So the solution to this, as with anything where getting caught and punished is infrequent and high costs are imposed on the victim, is to set damages high enough to make the expected return from this strategy non-positive.

If they owed $100k every time they made a false takedown, they'd probably be a lot more careful in the future.

I agree with you that harsh penalties for blatantly false copyright claims done in bad faith would help greatly. However there is a much larger problem in that the victims of these scams are small regular guy artists and content creators and the scam perpetrators are multi-billion dollar media organizations that control the media that advocates for new laws and have the congress, who ignores "small person feedback" in their back pocket with their SuperPAC and other bribery schemes/"campaign financing". How to solve that problem is the one that keeps coming up. Despite many realizing what a problem this situation is and discussion going on about it for many years, things only get worse, such as with the Supreme Court's Citizen United Ruling in 2010.

This isn't a DMCA takedown, it's a system Google put in place to avoid being sued by lots of copyright holders. $100k is nothing compared to the $1B lawsuit Viacom already filed, and other companies will have no problem filing similar lawsuits if Youtube doesn't toe the line.

I hate to break it to all the people that failed to read, including the OP, but the hated acronym you want is BFM not BMF.


As for judgment on the actual issue, I think ContentID bends over backward to big content to forestall more heavy handed moves, at the expense of bad mistakes like this one.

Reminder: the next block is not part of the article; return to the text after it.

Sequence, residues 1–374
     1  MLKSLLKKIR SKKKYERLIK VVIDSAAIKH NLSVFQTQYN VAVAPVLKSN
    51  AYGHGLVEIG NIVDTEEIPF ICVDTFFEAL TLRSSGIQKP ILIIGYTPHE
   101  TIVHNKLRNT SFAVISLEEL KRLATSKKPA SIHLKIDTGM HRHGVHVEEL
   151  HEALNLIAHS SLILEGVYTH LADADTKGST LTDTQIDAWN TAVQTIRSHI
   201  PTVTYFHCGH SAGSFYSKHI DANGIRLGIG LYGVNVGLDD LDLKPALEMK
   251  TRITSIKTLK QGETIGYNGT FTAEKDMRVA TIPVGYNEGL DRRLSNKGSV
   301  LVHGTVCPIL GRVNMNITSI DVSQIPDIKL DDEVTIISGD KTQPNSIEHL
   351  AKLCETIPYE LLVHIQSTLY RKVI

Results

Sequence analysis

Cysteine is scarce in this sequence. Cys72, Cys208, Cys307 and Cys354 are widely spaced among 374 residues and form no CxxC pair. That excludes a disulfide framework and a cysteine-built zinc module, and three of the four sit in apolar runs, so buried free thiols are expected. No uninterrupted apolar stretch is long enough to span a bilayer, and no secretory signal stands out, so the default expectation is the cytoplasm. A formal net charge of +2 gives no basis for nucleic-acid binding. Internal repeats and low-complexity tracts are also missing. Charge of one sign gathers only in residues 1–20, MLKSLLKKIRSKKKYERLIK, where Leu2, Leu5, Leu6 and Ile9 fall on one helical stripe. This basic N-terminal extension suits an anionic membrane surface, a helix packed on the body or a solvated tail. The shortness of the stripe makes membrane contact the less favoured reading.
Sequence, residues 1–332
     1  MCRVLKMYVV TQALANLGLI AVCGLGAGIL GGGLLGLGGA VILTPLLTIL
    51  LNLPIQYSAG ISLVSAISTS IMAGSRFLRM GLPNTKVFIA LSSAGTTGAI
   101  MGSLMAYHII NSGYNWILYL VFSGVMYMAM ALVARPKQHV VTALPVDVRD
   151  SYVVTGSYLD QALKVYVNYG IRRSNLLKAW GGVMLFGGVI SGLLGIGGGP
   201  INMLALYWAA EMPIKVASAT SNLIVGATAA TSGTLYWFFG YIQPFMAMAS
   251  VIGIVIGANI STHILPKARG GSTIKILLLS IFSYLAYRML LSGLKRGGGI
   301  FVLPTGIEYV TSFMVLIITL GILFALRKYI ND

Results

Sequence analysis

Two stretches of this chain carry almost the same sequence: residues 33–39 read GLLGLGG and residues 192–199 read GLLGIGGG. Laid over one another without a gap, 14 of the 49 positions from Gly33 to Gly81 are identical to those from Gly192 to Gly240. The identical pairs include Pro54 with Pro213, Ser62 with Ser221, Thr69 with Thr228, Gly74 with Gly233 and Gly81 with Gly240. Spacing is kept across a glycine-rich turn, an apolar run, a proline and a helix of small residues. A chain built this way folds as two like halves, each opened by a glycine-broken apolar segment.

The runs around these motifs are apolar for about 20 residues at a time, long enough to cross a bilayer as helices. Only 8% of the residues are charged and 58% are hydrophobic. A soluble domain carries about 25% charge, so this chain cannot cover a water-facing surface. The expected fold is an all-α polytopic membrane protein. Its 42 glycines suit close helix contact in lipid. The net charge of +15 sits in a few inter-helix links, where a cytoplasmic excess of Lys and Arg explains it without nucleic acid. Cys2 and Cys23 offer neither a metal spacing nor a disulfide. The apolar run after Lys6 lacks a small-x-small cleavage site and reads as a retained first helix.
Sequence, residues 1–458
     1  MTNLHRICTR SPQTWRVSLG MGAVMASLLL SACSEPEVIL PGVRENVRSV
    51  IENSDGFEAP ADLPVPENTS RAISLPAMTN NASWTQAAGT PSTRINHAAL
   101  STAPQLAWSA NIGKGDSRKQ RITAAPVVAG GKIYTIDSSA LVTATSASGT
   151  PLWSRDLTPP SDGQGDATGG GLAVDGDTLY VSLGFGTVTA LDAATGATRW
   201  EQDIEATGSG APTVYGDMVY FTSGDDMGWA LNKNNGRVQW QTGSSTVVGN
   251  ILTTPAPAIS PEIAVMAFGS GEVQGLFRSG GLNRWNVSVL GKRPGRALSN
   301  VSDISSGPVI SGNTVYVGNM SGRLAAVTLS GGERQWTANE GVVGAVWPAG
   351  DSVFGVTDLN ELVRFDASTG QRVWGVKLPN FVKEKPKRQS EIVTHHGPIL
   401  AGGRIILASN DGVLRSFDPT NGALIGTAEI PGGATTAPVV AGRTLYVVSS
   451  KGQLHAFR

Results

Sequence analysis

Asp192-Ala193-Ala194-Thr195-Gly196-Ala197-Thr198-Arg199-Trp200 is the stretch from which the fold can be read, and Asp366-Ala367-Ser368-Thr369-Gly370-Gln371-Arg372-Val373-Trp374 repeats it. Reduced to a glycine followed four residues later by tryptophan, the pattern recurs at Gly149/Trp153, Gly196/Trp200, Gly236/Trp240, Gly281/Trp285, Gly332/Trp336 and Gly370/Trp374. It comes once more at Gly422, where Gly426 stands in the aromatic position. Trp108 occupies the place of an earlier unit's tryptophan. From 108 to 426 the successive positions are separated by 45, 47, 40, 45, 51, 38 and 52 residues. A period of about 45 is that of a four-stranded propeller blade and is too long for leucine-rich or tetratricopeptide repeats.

It looks like it's profitable for BFM to claim or create lots of media clips so they get paid for these ads, in the interim period before the creator appeals. To fix it the incentives would have to change.

Here's a prior example where BFM erroneously claimed a license to a classical performance, which messed with ContentID.


Youtube should punish BFM's mistake.

I'd be interested to hear (both from Youtube and from people caught by ContentID) about how hard it is to fix these problems.

I also want to know what happens to the ad revenue - do Youtube just keep it; or do they still pay it to the original company; or do they attempt to claw it back at some point; or do they pay it to the real creator of the work?

YouTube has been sued several times in both the US and Europe, and if it didn't offer this system, far worse more draconian systems would be legally mandated. YouTube recently lost a case in Germany where the judge imposed a less accurate filter on YouTube: http://www.techdirt.com/articles/20120420/11573918587/huh-to.... This is a regrettable situation, that the OP got caught up in a detection system, but YouTube must do this kind of stuff, otherwise, the courts will mandate it. Not having it just lends more ammunition to SOPA/PIPA backers as well.

BMF violated his copyright. They claimed ownership and tried to exercise rights over the distribution of work that wasn't theirs. There are legal remedies for this. They're pirates.

Indeed. If this had a been a private citizen as opposed to a corporation, you can bet the heavy handed "justice" system would have its wheels turning already.

This reminds me of the war on terror where it seems everyone is considered a terrorist as if that will solve the problem.